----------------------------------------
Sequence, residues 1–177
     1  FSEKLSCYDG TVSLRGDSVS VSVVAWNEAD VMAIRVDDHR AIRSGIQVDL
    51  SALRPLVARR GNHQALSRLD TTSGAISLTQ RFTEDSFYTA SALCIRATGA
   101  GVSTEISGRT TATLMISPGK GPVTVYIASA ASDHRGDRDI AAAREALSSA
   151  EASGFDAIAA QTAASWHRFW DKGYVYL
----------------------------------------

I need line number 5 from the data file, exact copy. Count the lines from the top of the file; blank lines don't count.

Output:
   151  EASGFDAIAA QTAASWHRFW DKGYVYL